RE: Message from Phil Skell

From: Alexanian, Moorad <>
Date: Tue Sep 20 2005 - 14:43:04 EDT

In a recent essay in the Los Angles Times, "Why Darwin's still a
scientific hotshot,",0,52908
1.htmlstory?coll=cl-bookreview the author James D. Watson writes, " He
(Darwin) could not explain what gave rise to the variations observed in
organisms or how these and other traits were transmitted from generation
to generation." Individual variations drive the process of
evolutionary change, witness dog breeding. However, evolutionary theory
has not found a mechanism that generates those individual variations. In
fact, without individual variations, evolutionary theory has nothing to
work on. The research of Mendel gave the necessary hereditary laws that
would allow preserving traits, etc. from one generation to the next. I
know that the notion of mutation would have to bring in quantum
mechanics and so indeterminism. However, is the work of Mendel a
purveyor of quantum mechanics a la par of that of Willard Gibbs in
showing that there is no such thing a classical statistical mechanics?
Gibbs paradox brought in quantum mechanics before quantum mechanics was

-----Original Message-----
From: [] On
Behalf Of Pim van Meurs
Sent: Tuesday, September 20, 2005 1:59 PM
To: asa
Subject: Re: Message from Phil Skell

Ted Davis wrote:

>A couple of weeks ago I drew attention here to Phil Skell's op-ed piece
>"The Scientist," in which he raised questions about the practical value
>evolutionary theory for doing laboratory science. Phil was not aware
of our
>discussion of his essay until I told him about it. He asked me to
>his comments below to the list, hoping thereby to "clear away some of
>fog" (his words to me). I am glad to help him do so.
>The difference between historical and contemporary, experimental
science is
>most striking when we consider geology and biology. The ancient
>artifacts have survived substantially unchanged in composition and
>Modern biology is concerned with examining the structure and function
>tissues from presently living organisms, whereas historical biology is
>primarily informed by stones--that is, fossils--not tissues.
>in the biological sciences there is a sharp line separating the
>and the modern; the experimental data obtained by examining these
>materials is incommensurable. Beware historiscization of the fossil
>into Fact, and then Orthodoxy.
>The evidential problems most apparent in the Cambrian explosion
>less dramatically throughout the fossil succession. This is apparent,
>instance, when we see the enormous work the Archaeopteryx was asked to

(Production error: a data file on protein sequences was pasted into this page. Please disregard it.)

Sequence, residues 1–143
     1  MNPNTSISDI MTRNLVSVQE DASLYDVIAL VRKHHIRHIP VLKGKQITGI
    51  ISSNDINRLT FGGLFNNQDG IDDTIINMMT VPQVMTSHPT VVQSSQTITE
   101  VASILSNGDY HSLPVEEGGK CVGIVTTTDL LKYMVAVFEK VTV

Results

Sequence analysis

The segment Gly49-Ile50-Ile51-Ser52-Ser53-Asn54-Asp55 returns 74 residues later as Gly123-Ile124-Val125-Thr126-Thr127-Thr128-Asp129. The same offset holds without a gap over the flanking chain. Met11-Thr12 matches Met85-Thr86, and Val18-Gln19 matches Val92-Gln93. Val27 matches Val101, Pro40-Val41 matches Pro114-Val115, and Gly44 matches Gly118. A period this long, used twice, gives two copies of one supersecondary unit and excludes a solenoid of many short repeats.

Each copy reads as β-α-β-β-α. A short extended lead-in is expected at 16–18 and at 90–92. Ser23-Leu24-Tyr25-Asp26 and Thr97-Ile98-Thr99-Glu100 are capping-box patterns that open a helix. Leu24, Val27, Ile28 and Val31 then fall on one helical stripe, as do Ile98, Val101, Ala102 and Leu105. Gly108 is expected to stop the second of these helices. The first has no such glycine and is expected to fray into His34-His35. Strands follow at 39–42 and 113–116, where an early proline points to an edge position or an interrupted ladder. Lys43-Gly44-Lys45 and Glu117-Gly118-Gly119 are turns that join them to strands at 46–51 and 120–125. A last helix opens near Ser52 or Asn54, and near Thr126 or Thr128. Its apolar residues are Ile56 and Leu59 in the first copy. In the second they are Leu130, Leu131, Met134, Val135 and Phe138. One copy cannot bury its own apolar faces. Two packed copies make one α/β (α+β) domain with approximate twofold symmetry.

>for one corner of the theory, the idea of the dinosaurian origin of
>As Ernst Mayr noted in: What Evolution Is? (2001):
Sigh.... That Cambrian explosion again... Still high on the list of ID
proponents... Can we say an Icon of ID... But when it comes to the
actual evidence, many of the evidential problems go away.
I am not sure what Skell's argument is wrt the archaeopteryx but it
seems a strawman to me.

I am not sure how this helped clear the fog though...
As far as evolutionary science is concerned, there are various ways of
studying the past. One is via fossils and one is via genetic data, that
both reveal a mostly consistent pattern is one of the victories of
evolutionary science. Understanding Darwinian theory and modern
evolutionary theory is indispensible for providing the mechanisms
underlying these data points.
While Skell may lament that evolutionary science may not guide
scientific research to satifsy his requirements, it should be clear that

intelligent design provides NO guidance.
The study of the genetic patterns of living organisms has increased our
understanding of evolutionary processes and generated many unexpected
findings. Finding a coherent explanation for these findings is what
makes evolutionary theory so exciting and indispensable.

Important recent breakthroughs in evolutionary theory involve for
instance evolvability, scale free networks. From a scientific
perspective the findings that neutrality is essential for evolvability
and that neutrality itself can be under selective pressures helps
understand many aspects of evolution such as modularity, robustness,
While many additional processes may underlie evolution, selection almost

invariably is involved in some manner to shape.
Received on Tue Sep 20 14:44:54 2005

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